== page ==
But in order to analyse power relationships in societies, within cultural or religious groups, and in the private sphere, we must realise that diversity exists not only in terms of religious beliefs, but also in terms of degrees of belief and nonbelief. And that means to extend our definition of religion in a way that allows us to study religion not only in its meaning for adherents, but in its impact on society and culture as a whole, including the nonconformists and the irreligious.
This requires a new definition of religion that encompasses these complexities. Therefore I propose a definition of religion as a cultural set of beliefs, norms, and practices with reference to a transcendent being or principle, which is held by parts of a society and may be applied particularly or universally through positive or negative sanctions, and whose bindingness depends on religion’s influence on the respective group.
And that means that religion and irreligion are related not only because one implies the lack of adherence to the other, but in the way that they form the environment for one another. While the relation of ir- or nonreligion toward religion is widely acknowledged, that religion affects and seeks to affect the irreligious is often missed, as most definitions of religion illustrate. So, the way we define religion might change significantly if we try to analyse religion and irreligion in relation to each other.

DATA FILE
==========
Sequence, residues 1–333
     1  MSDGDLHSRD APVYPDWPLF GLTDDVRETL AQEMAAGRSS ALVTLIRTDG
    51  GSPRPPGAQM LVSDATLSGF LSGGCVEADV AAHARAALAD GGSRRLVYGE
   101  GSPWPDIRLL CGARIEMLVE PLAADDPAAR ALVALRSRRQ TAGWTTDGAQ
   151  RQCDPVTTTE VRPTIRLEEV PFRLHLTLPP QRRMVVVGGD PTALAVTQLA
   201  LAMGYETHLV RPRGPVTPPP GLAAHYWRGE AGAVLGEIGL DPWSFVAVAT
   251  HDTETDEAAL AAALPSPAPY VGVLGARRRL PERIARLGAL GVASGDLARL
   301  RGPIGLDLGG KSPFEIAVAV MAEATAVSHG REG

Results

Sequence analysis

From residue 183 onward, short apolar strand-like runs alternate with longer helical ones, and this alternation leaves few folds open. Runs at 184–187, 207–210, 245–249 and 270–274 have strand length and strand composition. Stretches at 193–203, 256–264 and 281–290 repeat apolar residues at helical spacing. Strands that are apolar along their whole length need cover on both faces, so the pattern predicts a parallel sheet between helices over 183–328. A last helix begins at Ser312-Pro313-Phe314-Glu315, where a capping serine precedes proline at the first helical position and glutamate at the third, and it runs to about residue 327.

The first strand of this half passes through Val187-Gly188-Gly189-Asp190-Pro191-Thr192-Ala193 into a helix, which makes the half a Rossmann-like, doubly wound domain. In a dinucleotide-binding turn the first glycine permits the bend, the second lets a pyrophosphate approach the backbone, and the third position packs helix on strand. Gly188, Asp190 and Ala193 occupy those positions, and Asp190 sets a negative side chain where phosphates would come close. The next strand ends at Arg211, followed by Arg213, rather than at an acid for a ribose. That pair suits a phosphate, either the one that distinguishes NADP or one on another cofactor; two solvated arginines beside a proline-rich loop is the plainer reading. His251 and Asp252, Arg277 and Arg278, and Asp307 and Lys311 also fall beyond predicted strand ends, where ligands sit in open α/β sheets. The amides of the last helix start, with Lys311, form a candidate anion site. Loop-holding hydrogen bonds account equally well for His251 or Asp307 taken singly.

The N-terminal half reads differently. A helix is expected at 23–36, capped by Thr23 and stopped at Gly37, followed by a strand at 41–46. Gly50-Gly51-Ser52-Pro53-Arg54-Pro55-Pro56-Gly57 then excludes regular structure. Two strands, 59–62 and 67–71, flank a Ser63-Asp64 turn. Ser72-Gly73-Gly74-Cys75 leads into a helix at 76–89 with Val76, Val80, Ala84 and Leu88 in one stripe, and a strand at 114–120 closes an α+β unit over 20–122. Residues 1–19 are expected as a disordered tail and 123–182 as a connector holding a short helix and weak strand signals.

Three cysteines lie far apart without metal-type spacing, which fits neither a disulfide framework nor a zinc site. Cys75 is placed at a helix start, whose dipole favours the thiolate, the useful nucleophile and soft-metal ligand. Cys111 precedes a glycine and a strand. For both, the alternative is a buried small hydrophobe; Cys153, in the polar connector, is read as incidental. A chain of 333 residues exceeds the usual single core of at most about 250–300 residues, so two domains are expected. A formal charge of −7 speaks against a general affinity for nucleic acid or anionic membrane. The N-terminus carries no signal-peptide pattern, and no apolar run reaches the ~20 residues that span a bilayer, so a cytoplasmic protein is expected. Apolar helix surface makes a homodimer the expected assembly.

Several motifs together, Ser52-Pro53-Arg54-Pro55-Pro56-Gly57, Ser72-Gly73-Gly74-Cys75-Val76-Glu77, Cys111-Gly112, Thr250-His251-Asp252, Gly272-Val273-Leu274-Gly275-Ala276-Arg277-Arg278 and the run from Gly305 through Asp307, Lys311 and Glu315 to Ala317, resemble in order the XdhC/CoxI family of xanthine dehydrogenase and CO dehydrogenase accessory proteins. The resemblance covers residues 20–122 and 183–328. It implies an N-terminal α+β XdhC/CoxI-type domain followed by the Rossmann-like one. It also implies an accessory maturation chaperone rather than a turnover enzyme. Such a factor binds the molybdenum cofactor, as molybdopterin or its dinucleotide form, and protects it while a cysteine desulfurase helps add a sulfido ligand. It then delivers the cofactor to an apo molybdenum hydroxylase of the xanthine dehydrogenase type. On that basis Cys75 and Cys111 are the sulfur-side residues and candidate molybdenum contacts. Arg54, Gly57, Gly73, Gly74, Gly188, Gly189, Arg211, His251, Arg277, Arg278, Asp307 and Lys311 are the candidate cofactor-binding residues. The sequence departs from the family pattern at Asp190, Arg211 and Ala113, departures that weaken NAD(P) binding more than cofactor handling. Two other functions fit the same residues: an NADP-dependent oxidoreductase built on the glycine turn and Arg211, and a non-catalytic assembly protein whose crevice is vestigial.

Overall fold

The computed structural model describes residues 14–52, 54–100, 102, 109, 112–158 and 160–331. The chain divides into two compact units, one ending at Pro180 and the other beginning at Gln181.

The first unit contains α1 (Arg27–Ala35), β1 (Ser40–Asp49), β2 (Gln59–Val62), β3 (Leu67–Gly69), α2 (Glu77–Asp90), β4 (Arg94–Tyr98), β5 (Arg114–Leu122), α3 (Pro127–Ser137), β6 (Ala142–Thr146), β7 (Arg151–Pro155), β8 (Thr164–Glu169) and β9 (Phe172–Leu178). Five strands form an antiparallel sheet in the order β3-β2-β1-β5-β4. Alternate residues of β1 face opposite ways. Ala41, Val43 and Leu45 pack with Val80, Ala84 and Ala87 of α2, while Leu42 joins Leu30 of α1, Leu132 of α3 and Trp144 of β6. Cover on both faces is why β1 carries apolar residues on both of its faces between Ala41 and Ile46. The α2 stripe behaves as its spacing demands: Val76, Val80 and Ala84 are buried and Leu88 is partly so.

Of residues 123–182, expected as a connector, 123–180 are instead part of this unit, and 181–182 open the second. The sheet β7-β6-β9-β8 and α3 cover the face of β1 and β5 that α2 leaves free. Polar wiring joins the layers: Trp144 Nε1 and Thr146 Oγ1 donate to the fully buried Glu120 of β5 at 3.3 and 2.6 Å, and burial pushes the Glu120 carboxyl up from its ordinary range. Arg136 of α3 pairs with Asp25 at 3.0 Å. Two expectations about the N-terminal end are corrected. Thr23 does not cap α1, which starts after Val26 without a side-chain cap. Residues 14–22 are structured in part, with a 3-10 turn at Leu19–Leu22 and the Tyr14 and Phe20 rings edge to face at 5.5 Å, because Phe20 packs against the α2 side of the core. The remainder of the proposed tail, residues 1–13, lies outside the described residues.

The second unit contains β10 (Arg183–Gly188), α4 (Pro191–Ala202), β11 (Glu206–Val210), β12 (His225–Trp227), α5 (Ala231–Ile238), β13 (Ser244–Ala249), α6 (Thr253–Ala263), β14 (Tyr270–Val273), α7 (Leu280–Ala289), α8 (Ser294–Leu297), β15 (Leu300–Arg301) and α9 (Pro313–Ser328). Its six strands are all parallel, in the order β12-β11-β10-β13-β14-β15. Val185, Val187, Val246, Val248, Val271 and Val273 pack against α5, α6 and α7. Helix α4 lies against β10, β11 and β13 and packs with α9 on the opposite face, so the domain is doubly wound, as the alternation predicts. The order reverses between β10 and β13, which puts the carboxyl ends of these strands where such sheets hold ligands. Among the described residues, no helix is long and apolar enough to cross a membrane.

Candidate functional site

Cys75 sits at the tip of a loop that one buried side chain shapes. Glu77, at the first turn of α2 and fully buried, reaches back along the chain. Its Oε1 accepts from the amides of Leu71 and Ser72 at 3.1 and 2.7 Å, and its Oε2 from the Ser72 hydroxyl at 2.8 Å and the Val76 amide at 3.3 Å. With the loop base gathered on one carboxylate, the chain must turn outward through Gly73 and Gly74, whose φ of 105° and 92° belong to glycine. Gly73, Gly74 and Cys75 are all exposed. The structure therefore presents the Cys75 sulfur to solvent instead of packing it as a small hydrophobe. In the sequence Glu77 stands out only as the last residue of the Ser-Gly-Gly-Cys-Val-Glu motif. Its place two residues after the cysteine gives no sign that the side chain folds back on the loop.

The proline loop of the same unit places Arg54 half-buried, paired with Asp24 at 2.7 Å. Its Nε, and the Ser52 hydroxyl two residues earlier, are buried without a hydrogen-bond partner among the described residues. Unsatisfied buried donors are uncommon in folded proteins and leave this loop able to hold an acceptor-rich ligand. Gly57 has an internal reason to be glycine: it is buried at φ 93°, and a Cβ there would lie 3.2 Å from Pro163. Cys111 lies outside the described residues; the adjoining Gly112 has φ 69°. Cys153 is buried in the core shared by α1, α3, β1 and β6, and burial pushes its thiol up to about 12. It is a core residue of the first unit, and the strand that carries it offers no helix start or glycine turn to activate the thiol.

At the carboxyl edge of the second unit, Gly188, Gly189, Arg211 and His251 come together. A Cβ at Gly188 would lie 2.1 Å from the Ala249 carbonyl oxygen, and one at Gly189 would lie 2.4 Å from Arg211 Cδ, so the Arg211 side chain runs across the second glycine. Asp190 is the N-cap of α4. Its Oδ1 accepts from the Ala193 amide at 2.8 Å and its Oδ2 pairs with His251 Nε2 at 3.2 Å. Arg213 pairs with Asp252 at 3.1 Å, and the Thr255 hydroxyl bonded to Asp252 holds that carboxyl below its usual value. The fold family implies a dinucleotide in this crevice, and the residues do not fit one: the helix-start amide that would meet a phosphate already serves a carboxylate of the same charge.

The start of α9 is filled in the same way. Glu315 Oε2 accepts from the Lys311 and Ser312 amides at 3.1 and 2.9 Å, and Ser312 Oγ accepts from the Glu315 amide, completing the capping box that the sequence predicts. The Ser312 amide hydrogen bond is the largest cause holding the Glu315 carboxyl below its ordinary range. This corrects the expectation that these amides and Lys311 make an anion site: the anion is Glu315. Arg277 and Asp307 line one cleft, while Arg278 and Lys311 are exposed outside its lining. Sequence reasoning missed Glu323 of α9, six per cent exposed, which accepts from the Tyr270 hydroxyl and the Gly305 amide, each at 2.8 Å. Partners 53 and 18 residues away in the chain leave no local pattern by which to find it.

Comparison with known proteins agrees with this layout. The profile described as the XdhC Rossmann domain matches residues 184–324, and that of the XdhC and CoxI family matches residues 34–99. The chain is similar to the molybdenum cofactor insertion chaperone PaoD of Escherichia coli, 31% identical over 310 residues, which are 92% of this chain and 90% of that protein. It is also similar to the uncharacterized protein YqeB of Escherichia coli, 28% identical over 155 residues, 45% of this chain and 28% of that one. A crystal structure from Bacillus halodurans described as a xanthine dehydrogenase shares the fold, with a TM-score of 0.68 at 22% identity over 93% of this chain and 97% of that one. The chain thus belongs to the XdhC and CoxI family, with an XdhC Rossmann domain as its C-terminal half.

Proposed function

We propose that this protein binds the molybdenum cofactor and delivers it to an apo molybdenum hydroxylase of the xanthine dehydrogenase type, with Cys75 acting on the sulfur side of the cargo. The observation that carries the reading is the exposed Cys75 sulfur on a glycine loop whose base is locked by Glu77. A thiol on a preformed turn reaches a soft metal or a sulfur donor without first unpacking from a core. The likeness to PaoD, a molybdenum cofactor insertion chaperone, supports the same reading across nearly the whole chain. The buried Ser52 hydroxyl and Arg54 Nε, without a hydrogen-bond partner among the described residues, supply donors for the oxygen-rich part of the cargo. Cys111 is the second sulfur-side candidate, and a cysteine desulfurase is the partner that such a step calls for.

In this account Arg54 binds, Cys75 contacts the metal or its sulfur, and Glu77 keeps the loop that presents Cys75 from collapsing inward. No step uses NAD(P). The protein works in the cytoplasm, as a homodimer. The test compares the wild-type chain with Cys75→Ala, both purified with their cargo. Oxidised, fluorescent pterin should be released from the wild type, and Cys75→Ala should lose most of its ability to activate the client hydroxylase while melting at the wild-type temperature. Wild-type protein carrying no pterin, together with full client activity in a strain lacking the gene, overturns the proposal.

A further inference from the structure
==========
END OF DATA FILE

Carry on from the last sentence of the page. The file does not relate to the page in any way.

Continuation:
Durkheim, Émile (1968): The Elementary Forms of Religious Life. London: George Allen & Unwin Ltd, 47.
Goodstein, Laurie, (2014) In Seven States, Atheists Push to End Largely Forgotten Ban. New York Times, 12/6/14.
Jones, Jeff and Lydia Saad, (2012) Gallup News Service, online
[i] This article is based on a paper presented at SSSR and RRA Annual Meeting in Indianapolis 2014.
[ii] The unanimous Declaration of the thirteen united States of America (1776), online: http://www.archives.gov/exhibits/charters/declaration_transcript.html.
[iii] Joint Resolution of Congress Proposing 12 Amendments to the U.S. Constitution (1789): The U.S. Bill of Rights, Amendment 1, online: http://www.archives.gov/exhibits/charters/bill_of_rights_transcript.html.
Petra Klug obtained a Masters degree in Sociology and cultural Studies, as well as a Masters degree in the Study of Religion, from University of Leipzig. A past recipient of the Studienstiftung des Deutschen Volkes scholarship (German Research Foundation) and current Research Associate at University of Bremen, she is completing her dissertation on the relationship between The Religious and the Secular in the United States.